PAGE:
In the form of invention of FIG. 5, spin dry is accomplished in a different fashion. To make this possible an annular bearing 120 is made use of. One bearing ring 121 is mounted on a partition 122, and a second bearing ring 123 is secured to a bushing 124 anchored in a platform 125. The partition 122 is at the top of a base 126 on a supporting surface 127. More particularly the partition is the bottom of a housing 128, the housing forming a chamber 129 for a reservoir of liquid 130.

Within the chamber 129 is an agitating container indicated generally by the reference character 131. In this form of the invention the agitating container 131 has a rigid upper section 132 and a flexible lower section 133 secured to the upper section by a band 134. A rotating yoke 135, of which the platform 125 is part, has arms 136 and 137, the tops of which have plates 138 and 139 to which the upper section 132 is anchored. Perforations 140 allow the liquid 130 to pass into the container 131 and a lid 141 keeps the liquid from splashing out.

At the bottom of the lower section a solenoid actuated discharge valve 143 can be opened to completely drain the container when needed. To empty the chamber 129 a drain valve 146 is provided.

For agitating the contents 147 of the container 131 while the yoke 135 remains stationary, use is made of a wobble assembly 150. As in other forms of the invention, the wobble assembly consists of an inner plate 151 and an outer plate 152 which clamp between them an annular edge 153 of the lower section.

Power for the operation is provided by a motor 155 in the base 126 acting through a speed reducer 156 to rotate a motor shaft 157. A fitting 158 on the shaft 157 has an offset head 159 on which is a freely rotating shaft 160 journaled in a disc 161, the disc being part of the inner plate 151.

A bearing unit 162 secured by a flange 163 to the underside of the partition 122 contains a bearing 164 which rotatably supports the shaft 157, the shaft extending through an opening 165 in which is a seal 166.

Where a spin dry action is desired, there is employed a clutch 170 of substantially conventional construction mounted in the bushing 124, and, when desired, operated by electronic means (not shown) from an exterior station. Action of the clutch is to interconnect the shaft 157 and the yoke 135 so that the yoke and all that is mounted on it rotates.

In this form of the device perforations 168 may be provided in the flexible lower section 133.

The motor 155 may, for example, be a two-speed motor controlled by an appropriate motor switch 171 whereby when the device is being used for conditioning such, for example, as washing, the low speed rate is employed. When the spin dry operation is to take place, the motor can be shifted to high speed operation. Consequently, the rotation of the yoke 135 at the relatively higher speed spins the container 131 thereby to rid the bundles of presence of liquid by operation of centrifugal force. Such liquid as may be thus spun from the bundles can again be drained off through the drain valve 146.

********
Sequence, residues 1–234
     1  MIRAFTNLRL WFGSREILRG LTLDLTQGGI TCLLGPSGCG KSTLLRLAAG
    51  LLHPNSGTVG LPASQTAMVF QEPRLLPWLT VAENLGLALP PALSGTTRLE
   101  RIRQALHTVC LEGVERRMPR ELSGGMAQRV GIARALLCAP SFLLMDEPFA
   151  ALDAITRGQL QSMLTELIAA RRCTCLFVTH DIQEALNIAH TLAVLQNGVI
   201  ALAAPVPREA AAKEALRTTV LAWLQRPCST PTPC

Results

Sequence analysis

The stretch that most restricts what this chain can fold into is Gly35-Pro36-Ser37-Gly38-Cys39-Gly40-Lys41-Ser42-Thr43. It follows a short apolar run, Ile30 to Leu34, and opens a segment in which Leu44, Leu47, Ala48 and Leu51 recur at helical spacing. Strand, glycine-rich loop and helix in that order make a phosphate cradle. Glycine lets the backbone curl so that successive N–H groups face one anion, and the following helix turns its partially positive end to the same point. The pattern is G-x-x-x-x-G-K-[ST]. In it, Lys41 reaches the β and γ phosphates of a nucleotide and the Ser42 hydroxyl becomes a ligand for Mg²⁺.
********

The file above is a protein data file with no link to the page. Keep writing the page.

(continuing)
While the invention has herein been shown and described in what is conceived to be a practical and effective embodiment, it is recognized that departures may be made therefrom within the scope of the invention, which is not to be limited to the details disclosed herein but is to be accorded the full scope of the claims so as to embrace any and all equivalent devices.

Patent Citations
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Referenced by
Citing PatentFiling datePublication dateApplicantTitle
US6908223 *Mar 28, 2003Jun 21, 2005Hynetics LlcSystems for mixing liquid solutions and methods of manufacture
US6923567Mar 28, 2003Aug 2, 2005Hynetics LlcMixing tank assembly
US6981794Mar 28, 2003Jan 3, 2006Hynetics LlcMethods for mixing solutions
US7171828 *Jul 18, 2002Feb 6, 2007Samsung Electronics Co., Ltd.Washing machine
US7249880 *Oct 14, 2003Jul 31, 2007Advanced Technology Materials, Inc.Flexible mixing bag for mixing solids, liquids and gases
US7431494Jul 31, 2007Oct 7, 2008Advanced Technology Materials, Inc.Flexible mixing bag for mixing solids, liquids, and gases
US8262281 *Jun 19, 2006Sep 11, 2012Koninklijke Philips Electronics N.V.Device for mixing a liquid medium
US8366311 *Apr 21, 2007Feb 5, 2013Atmi BvbaSystems and devices for mixing substances and methods of making same
US20090323466 *Apr 21, 2007Dec 31, 2009Advanced Technology Materials, Inc.Systems and devices for mixing substances and methods of making same
US20100149907 *Feb 22, 2008Jun 17, 2010New Brunswick Scientific Compnay, IncTorsionally flexible, sealed drive
US20100149908 *Jun 2, 2008Jun 17, 2010Ge Healthcare Bioscience Bioprocess Corp.Apparatus for mixing the contents of a container
US20120281495 *Jul 17, 2012Nov 8, 2012Ge Healthcare Bio-Sciences Corp.Apparatus for mixing the contents of a container
USRE43418Oct 7, 2010May 29, 2012Atmi BvbaFlexible mixing bag for mixing solids, liquids, and gases
WO2008151105A1 *Jun 2, 2008Dec 11, 2008Ge Healthcare Bioscience BioprAn apparatus for mixing the contents of a container
Classifications
U.S. Classification366/219, 68/23.00R, 366/241
International ClassificationD06F17/00, D06F15/00, B01F11/00, D06F35/00
Cooperative ClassificationD06F15/00, D06F35/00, B01F11/0045, D06F17/00
European ClassificationD06F15/00, D06F17/00, D06F35/00, B01F11/00D2